Starting at Community College
Community colleges (CCs) provide affordability and access for higher education, but they are not always popular options. Too often, people view CCs as backups for students who can’t get into “good” schools. Yes, it’s true that some CC students have dismal high school records. Some will eventually drop out of CCs due to lack of motivation and/or maturity. However, this same lack of engagement is found at many four-year colleges (there is only a 60% graduation rate for four-year colleges). The truth is, community college is the right place for the right student at the right time.
Who should start at community college?
Community college is ideal for the student who knows that continuing their education is the key to a better future, but is unsure of where to start. This student might be unsure of what they are most interested in or what their strengths are. Community colleges, when not free, are reasonably priced, giving students opportunities to try courses they might otherwise not have a chance to explore. At CCs, students can take low-pressure risks and perhaps find their passions while also giving them more time to mature.
CC for the unsure student
A good example of this is a very capable young man named James, who was unsure of what to do post high school. Since his parents bought into the idea that a four-year college is the proper route, they convinced James that he should attend (despite his lack of enthusiasm). Since James “somewhat liked to read books,” he majored in English (despite his lack of enthusiasm). As it turned out, James took a broad array of literature classes that he did not always enjoy when forced to read. In his very last semester (he graduated in three and a half years), James took a JAVA class, which was the start of his current career.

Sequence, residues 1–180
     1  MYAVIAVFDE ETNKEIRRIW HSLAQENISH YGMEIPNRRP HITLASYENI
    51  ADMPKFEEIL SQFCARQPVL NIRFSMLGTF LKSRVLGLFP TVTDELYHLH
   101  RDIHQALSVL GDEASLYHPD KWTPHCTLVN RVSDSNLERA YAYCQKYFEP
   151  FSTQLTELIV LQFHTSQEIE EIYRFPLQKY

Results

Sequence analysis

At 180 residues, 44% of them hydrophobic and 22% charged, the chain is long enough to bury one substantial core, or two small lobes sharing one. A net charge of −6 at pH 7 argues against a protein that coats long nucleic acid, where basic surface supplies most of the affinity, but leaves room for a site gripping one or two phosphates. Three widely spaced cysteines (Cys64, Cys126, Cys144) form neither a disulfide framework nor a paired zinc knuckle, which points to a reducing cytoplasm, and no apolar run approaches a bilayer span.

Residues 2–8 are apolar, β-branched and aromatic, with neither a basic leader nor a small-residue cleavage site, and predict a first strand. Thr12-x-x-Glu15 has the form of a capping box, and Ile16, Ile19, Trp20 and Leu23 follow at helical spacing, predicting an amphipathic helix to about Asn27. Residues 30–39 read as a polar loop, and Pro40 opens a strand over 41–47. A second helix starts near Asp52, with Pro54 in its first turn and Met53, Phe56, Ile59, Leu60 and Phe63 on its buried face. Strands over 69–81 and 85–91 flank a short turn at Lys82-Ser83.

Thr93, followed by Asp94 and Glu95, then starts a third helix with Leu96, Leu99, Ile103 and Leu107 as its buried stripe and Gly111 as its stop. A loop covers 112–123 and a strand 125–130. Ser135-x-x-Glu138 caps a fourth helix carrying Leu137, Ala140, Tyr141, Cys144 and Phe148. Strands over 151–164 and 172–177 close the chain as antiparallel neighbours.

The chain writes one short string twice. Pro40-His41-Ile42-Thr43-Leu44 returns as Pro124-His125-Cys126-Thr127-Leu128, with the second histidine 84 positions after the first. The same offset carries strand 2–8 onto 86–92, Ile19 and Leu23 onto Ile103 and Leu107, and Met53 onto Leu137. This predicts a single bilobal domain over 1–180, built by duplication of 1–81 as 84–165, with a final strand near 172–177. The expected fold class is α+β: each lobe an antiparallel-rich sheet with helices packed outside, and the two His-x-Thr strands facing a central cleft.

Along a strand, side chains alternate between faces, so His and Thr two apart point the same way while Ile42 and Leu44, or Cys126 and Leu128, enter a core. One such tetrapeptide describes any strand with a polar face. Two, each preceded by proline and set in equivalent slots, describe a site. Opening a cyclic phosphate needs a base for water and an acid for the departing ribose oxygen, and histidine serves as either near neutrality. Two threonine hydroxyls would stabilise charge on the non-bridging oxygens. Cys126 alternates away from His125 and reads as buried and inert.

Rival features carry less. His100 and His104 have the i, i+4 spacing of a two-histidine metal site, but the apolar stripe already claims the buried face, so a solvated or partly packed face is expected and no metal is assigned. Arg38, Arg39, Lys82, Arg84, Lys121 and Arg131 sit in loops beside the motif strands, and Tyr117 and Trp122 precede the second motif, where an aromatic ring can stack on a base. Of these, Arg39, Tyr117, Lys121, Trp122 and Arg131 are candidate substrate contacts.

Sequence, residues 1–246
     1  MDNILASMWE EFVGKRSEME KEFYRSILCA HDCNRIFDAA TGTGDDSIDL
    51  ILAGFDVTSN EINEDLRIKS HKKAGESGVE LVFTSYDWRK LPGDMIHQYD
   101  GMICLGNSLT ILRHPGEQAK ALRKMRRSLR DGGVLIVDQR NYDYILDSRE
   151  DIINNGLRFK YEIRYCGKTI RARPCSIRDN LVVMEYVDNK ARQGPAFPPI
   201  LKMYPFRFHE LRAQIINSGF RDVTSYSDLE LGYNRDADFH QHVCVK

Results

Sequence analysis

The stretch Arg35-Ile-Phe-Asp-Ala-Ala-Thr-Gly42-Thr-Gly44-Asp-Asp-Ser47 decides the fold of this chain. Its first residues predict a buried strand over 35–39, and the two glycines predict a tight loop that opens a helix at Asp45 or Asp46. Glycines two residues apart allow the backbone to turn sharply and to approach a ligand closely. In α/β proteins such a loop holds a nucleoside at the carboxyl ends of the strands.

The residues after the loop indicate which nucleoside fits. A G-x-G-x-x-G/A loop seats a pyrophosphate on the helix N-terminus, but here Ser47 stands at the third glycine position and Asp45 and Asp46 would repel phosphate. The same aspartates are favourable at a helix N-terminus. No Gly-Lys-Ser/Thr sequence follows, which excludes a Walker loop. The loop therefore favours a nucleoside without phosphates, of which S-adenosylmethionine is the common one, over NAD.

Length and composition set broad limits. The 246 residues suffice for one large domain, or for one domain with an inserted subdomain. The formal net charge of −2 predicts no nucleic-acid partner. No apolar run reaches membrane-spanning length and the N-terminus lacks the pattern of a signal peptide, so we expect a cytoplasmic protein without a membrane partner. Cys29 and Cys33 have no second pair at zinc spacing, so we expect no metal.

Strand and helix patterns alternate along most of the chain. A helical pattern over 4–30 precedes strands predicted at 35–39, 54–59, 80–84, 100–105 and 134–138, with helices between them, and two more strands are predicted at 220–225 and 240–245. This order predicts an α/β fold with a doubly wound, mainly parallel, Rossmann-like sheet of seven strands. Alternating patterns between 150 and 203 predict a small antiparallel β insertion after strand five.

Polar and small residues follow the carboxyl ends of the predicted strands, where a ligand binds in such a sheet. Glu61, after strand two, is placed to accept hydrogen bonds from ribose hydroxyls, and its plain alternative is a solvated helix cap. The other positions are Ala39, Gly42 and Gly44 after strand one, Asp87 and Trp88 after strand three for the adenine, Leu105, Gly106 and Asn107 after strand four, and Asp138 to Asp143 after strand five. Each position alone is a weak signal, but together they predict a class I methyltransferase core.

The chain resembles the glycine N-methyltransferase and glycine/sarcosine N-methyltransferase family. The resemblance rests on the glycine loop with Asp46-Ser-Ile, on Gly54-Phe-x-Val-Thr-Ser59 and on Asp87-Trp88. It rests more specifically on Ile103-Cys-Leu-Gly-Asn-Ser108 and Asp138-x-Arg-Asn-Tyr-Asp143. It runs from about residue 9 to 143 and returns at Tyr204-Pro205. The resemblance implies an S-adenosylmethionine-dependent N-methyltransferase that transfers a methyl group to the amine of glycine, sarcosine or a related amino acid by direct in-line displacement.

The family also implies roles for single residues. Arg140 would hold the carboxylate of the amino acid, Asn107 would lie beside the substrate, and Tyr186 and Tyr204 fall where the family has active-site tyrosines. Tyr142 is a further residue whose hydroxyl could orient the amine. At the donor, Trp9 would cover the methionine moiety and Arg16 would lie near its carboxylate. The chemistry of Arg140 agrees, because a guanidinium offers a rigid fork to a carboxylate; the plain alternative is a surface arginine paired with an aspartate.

Career prep at CCs
James came home in December and enrolled in a few computer classes at the local community college. He found that web development was his thing, and everything fell into place thereafter. First came the paid internship (which often leads to a job offer) in web development. Next came the part-time job as a junior web developer at a software company. The best part of these opportunities was learning hands-on from the ground up. Before even graduating, James landed a job as an entry level web developer at a progressive local startup.
Pride of ownership
One important thing to note is the motivation that came with navigating CC and career path. James found his internship/jobs and navigated/paid for his own college on his own. With his AAS in Computer Science and some real work experience, James is now the lead web developer at that startup. He makes a fine salary, but most importantly, in his words, he “likes waking up to a job you can enjoy.” Yea, we hear you, James!
Not everyone wants the “college experience”
Before closing, I must confide that James is my son. Like so many well-intentioned parents, we erroneously bought into the idea that a four-year college is the only way to go. James was a hardworking student with better than average grades. We thought that community college would cheat him of the “full college experience” (one he couldn’t wait to leave!). A four-year college is ideal for students who want to take advantage of all that campus offers. After all, those special event speakers, sport events, and clubs are all funded by tuition dollars. For others, a two-year college or gap year (a post for another day!) is the right choice. It really comes down to the student and their unique personality.
If you are reading this post to the end, perhaps you are thinking about community college as an option. Maybe take a class or two at your local CC to get a feel for higher ed. Oh, did I mention that CC would have been free right after high school? Right now, nearly half of our US states offer free CC, with more to come.
I should add that my feelings about starting at community college is not only from personal experience as a parent. I have teaching experience in higher education, both at CCs and private four-year institutions. Good luck, and if you have any questions, feel free to email me at [email protected]
See also: Top Reasons to Attend Community College